Sunday Solutions – March 19, 2023
Each week we point out events and actions you may want to know about, but it’s not often possible without sunshine, the kind of light that opens to public view the meetings, records and processes of representative government. This transparency is best way to illuminate merits and faults to all. So today we mark Sunshine Week, when media outlets focus on government transparency. For this edition, we shine a beam on real events and examples, plus a few where there’s work to be done.
Setting budget priorities
From data reporter Maggie Lee:
Public records show how Georgia spends its money. For example, Georgia budgeted more money on prisons this year than on all lottery-funded HOPE higher education scholarships and grants. Gov. Brian Kemp has proposed about the same levels of spending for each for the fiscal year that begins on July 1. You can find all of this on web pages where the governor and the legislature post budget information. But not everything you need is there.
When the state or counties make special grants and allowances to companies, that info isn’t volunteered in glowing press releases, it comes from open record requests and meeting minutes. In December, Georgia officially celebrated 630 jobs that are supposed to be created in Bulloch County at a new Hyundai supplier, AJIN Georgia. But an open record request revealed details of an unmentioned $2.7 million state grant to the company and that the average pay per job will be $21.65 per hour. In January, when the state announced Hyundai supplier Ecoplastics would build in Bulloch County, nobody mentioned that the company won’t pay county property taxes at all for 10 years, and that the county would knock $2.3 million off the land sale price. But it was all in the meeting minutes, an open record.
Following facts, providing context
From environment reporter Mary Landers:
Public records can verify a source’s story. The Current used a Georgia Open Records Act request to obtain the incident report and audio recording of a Chatham County 911 call related to shots fired near a kayaker off Little Tybee Island. The documents confirmed his story and added to concerns that others had expressed about illegal activity on the state-owned heritage preserve. In another recent story, documents requested from the Department of Natural Resources provided a wealth of details about Green Island, which Chatham County is working to buy with the help of grant money from the state. The documents included its recently appraised value, a detail left out of press releases on the state grant.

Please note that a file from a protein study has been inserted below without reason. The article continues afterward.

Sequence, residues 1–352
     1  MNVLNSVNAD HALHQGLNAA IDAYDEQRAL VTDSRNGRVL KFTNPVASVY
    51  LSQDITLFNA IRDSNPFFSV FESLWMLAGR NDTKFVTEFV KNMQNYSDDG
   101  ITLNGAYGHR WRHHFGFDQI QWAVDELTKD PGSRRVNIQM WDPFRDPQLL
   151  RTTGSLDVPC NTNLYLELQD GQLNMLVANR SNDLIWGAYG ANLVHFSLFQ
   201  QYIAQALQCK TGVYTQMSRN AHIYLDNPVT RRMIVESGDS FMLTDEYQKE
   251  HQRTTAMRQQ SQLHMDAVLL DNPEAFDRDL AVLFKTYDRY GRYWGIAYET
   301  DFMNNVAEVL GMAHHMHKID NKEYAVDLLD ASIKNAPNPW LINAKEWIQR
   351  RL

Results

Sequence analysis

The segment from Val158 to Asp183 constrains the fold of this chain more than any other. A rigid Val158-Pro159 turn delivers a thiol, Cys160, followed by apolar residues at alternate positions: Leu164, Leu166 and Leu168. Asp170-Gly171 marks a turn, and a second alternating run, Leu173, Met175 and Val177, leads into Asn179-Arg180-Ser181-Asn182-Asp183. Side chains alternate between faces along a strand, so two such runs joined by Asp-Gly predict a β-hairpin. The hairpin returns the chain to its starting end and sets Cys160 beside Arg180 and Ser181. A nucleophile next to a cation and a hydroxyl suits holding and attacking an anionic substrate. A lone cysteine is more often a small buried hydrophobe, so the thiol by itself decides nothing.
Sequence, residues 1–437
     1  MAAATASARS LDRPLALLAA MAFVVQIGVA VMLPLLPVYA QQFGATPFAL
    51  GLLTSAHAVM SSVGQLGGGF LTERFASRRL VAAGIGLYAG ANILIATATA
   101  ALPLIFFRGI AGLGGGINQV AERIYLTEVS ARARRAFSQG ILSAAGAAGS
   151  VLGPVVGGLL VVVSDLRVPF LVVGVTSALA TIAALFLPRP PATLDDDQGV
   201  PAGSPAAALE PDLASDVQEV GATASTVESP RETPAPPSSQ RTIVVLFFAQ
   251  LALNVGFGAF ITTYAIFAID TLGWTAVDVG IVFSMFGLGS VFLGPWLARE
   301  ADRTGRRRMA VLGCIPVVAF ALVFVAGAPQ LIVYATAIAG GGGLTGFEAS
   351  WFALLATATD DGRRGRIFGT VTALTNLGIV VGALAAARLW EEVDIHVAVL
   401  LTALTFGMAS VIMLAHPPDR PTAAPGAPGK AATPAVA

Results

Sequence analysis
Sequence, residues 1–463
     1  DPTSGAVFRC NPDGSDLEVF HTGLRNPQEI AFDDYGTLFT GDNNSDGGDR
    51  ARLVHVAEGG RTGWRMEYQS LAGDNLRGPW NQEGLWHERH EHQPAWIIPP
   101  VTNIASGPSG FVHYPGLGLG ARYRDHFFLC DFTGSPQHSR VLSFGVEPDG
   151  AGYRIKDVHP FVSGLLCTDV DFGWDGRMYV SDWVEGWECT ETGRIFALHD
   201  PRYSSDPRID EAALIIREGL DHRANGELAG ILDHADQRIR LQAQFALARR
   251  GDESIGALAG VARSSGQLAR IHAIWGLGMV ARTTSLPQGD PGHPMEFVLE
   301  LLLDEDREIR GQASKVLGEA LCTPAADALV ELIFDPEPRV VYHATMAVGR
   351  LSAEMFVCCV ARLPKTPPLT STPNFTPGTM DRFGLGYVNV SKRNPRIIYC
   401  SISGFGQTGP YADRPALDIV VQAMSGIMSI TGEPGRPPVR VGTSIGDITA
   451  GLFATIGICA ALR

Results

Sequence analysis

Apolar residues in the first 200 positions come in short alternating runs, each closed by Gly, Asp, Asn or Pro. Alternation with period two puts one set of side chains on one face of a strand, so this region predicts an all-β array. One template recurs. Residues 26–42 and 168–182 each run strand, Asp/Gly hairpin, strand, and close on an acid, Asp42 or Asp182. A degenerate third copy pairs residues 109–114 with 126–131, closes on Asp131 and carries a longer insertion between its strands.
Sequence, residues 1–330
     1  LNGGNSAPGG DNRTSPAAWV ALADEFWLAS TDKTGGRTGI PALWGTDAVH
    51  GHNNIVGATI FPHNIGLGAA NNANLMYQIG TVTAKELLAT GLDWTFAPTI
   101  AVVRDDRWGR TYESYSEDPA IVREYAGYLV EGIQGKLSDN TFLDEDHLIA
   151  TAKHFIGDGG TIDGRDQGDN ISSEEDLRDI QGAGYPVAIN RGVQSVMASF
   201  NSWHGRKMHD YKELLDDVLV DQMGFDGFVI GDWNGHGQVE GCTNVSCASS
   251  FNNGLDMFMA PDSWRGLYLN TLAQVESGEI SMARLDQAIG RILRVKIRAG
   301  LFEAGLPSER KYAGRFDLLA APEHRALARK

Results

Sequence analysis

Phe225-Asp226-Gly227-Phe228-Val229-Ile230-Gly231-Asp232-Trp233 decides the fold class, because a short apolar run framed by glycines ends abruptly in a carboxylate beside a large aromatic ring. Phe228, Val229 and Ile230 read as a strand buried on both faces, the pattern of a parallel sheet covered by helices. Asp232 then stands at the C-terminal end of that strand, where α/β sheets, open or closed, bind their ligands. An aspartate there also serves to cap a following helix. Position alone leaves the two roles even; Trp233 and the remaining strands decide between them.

Open records reveal process gaps
From public safety reporter Jake Shore:
Public records can review a Georgia state employee’s background — something that is essential when they take positions that involve safeguarding lives and livelihoods. The records can also reveal what institutions potentially missed or ignored when hiring someone.
After a Savannah police officer fatally shot a man in Carver Village last June, The Current requested records from the officer’s past job as a prison guard at Coastal State Prison in Garden City. Those records showed a work history marked with use of force violations, reprimands and letters of concern from the warden. The Current presented these records to the Savannah Police Department. The agency discovered it had lapsed in its background check of Ferguson causing those disciplinary records to remain undiscovered when he was hired.
Since then, the department’s chief said the agency has implemented new controls to make sure a background investigator gets all past disciplinary records from an applicant.
Your second cup: Your superpower
From managing editor Susan Catron: